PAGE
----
The dreaded “extra content.” We’ve all grown to fear it but overtime we’ve become more and more accustomed to it. This trend has only surfaced in recent years as online games have became more connected and marketplaces such as PSN and Xbox Live emerged and exploded in popularity.
So, you’re probably wondering, why is it your fault? Well I guess it’s time for me to load my double barrel and get ready to fire off some shots. See, gamers are like a medium for spreading this disease (let’s call it such for metaphorical sake), the disease of DLC & Microtransaction-itis. It’s a real struggle to stop it’s spread because there really aren’t any other options at this point.
What do I mean? Well, if a publisher sees that people will buy their DLC why would they stop making it? Then another publisher looks at the first one and thinks to themselves “Holy Sh**, look at all this extra cash we can make!” and so on and so forth.
And by “other options” I mean, if every game is following the same model what can you do? Who can you turn to? Of course, there’s always some way out of every situation. In this case it’s simple. But first we need to know where the blame actually lies. It’s not 100% your fault (as a gamer).
- Don’t blame the developers as they are not at fault here (if they’re working with a publisher)
- The publisher decides the business model of the game.
I’m not trying to say all DLC and microtransactions are bad, it’s just the ones that are bad are still being bought at an alarming rate. Let’s look at EA Sports – it’s in the game – sorry I had to. EA makes $1.3 billion on microtransactions and DLC per year. That’s Billion with a B.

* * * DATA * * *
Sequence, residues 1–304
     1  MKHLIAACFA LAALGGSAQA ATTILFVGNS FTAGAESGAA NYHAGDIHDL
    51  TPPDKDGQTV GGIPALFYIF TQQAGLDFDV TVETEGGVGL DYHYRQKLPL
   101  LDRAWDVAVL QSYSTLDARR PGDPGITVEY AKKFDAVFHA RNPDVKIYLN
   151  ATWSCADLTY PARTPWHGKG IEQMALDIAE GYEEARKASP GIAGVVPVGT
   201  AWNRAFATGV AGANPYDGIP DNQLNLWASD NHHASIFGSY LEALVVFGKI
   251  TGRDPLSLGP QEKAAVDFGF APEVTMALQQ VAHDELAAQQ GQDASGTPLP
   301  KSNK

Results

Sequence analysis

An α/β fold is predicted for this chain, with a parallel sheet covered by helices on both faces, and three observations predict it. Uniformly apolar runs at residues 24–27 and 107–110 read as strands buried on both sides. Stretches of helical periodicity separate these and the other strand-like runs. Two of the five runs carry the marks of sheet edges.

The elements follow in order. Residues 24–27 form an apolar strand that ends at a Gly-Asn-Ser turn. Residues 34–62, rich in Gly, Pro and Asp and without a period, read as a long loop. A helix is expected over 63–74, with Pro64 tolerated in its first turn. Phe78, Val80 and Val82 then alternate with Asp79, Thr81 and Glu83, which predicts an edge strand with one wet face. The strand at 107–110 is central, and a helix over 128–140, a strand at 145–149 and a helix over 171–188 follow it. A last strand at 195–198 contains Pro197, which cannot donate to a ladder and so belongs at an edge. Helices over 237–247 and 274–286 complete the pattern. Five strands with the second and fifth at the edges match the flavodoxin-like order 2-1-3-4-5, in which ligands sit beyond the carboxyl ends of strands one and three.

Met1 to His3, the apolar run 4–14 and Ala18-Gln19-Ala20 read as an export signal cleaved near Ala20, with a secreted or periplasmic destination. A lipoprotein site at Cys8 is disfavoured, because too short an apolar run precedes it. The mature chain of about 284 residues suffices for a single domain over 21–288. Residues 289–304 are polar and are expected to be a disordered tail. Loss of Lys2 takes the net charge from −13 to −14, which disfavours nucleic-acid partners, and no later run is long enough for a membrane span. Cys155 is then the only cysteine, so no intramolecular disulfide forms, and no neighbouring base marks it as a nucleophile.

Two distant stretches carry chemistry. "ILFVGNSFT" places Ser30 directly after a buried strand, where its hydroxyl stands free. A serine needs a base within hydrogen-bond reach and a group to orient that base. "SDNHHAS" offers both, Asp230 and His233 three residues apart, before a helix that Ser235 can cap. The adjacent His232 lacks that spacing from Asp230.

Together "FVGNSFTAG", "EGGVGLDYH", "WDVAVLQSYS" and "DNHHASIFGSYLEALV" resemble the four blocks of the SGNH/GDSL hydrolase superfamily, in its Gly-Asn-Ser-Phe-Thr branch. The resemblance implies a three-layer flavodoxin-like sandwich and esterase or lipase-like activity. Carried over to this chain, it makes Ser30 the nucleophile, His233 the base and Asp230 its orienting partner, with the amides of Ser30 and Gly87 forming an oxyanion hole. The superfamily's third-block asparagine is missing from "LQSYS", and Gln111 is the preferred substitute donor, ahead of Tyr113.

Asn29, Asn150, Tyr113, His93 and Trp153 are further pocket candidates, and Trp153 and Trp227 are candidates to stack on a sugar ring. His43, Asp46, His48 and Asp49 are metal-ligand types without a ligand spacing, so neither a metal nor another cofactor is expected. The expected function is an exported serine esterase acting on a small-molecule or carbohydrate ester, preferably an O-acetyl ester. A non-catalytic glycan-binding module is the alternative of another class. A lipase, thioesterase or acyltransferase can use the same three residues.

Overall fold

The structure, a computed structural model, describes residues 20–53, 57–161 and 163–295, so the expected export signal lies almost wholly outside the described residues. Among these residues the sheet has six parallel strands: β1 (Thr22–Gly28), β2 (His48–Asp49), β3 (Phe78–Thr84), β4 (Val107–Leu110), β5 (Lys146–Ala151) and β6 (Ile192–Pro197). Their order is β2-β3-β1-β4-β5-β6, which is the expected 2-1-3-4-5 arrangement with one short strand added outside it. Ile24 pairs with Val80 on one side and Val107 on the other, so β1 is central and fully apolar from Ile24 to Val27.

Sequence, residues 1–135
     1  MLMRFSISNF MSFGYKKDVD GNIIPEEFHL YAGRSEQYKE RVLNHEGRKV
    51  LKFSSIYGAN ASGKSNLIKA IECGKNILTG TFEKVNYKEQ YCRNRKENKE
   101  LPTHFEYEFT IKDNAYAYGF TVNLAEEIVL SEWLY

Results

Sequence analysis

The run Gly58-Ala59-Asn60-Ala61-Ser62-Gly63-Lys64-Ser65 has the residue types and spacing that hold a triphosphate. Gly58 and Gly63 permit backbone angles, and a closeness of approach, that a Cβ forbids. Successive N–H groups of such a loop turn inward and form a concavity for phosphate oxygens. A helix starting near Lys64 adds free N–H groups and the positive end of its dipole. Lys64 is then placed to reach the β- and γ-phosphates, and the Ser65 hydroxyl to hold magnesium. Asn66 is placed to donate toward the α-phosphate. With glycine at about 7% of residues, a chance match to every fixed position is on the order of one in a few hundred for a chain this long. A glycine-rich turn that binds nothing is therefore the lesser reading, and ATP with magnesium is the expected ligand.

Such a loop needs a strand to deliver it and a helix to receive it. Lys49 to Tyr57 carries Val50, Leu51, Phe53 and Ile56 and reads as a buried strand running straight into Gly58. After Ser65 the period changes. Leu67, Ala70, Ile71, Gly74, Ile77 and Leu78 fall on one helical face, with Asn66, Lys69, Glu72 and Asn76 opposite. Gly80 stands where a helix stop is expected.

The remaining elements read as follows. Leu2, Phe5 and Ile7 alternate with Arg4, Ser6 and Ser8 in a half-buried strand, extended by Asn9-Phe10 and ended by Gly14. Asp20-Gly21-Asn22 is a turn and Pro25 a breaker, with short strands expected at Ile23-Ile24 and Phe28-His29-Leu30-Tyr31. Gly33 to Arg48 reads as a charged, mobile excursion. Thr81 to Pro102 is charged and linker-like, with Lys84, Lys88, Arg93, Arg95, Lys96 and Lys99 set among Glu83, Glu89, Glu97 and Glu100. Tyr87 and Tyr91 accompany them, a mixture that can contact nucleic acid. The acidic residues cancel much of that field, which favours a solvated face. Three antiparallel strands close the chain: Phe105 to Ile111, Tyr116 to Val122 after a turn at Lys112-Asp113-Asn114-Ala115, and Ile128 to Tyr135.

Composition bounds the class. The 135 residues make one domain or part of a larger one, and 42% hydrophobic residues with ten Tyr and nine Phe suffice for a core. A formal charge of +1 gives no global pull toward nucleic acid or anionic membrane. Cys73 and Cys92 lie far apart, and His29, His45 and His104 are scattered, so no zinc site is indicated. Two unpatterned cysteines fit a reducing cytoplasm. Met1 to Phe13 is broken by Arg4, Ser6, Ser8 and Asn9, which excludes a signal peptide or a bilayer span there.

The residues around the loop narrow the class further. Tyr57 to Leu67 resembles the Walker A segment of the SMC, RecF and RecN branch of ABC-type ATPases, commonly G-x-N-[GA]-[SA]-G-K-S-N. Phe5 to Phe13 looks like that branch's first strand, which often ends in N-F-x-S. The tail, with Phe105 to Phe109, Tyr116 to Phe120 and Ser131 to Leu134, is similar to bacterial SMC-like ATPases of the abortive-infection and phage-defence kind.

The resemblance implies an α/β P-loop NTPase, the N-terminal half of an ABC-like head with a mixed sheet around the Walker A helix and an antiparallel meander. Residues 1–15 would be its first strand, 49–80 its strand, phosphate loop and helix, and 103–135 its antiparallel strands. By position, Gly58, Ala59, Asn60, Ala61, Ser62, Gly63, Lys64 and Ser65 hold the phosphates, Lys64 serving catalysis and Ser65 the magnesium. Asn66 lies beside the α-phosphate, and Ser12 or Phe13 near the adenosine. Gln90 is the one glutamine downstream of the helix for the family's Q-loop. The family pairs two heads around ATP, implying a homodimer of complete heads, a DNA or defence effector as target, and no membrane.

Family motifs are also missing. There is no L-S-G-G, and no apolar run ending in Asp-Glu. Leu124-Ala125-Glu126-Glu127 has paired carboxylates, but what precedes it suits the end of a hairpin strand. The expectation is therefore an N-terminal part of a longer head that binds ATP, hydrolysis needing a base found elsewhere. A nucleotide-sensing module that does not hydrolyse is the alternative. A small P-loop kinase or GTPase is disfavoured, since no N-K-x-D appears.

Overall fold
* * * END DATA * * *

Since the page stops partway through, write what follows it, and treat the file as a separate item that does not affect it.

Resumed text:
Half of that comes from only one franchise, FIFA. More specifically, ultimate teams. It’s a micro-transaction model within the game where you buy digital cards to bolster your teams performance.
Now, I want you to sit back and think about what this means. What it means is that EA makes $650 million a year for cards that you can’t even touch and they will never run out of because it’s a virtual good. Nor will they have to spend any money making more cards.
Six.Hundred.And.Fifty.Million. For fake cards. They make more money from something that’s within the game than the game itself. How can you blame publishers when it’s the people showing companies like EA that they want it in their games?
Now back to whose fault it is. Like I said it’s not 100% yours. Partial blame can be pointed at the companies implementing this business model. They create the supply and you are the demand. They would not create these add-on’s if there was no demand.
In simple terms, if you see a cookie in front of you, you will most likely eat it (and don’t get cheeky and start telling me “what if it was on the floor David?” You know what I mean).
The cookie(DLC) being the potential cause and you eating it(buying) being the potential effect. Once again, not all DLC is bad but when people buy the bad ones regardless, the publishers see that the people don’t care as a whole. The real problem is when micro-transactions and DLC hinder the game.
I’m talking about day one DLC (Because we all know all they did was take out something that was already in the game and are making people pay for the fragmented section) or when people can cheat their way to being the top rank by buying lives, point, guns, etc. Whatever the context maybe it’s bad.
Things like that should be decided by in-game currency not real money. Don’t think I forgot about you season passes. I could even write a separate article (a lengthy one) dedicated to you guys. Season passes are a hindrance and always will be. You buy the full game and the season pass doubles the price. And no, you can’t argue “it’s like two games in one.”
To summarize, it’s not entirely your fault but you have the choice to direct the flow of how publishers work (assuming everyone can work together). I don’t mind DLC as long as it’s good. That’s all I – we as gamers – ask for.
Still your fault though – peace –